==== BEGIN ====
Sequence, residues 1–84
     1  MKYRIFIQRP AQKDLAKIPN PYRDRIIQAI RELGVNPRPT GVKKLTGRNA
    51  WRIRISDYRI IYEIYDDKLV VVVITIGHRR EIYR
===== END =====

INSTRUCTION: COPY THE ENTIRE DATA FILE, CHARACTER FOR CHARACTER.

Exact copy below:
Sequence, residues 1–84
     1  MKYRIFIQRP AQKDLAKIPN PYRDRIIQAI RELGVNPRPT GVKKLTGRNA
    51  WRIRISDYRI IYEIYDDKLV VVVITIGHRR EIYR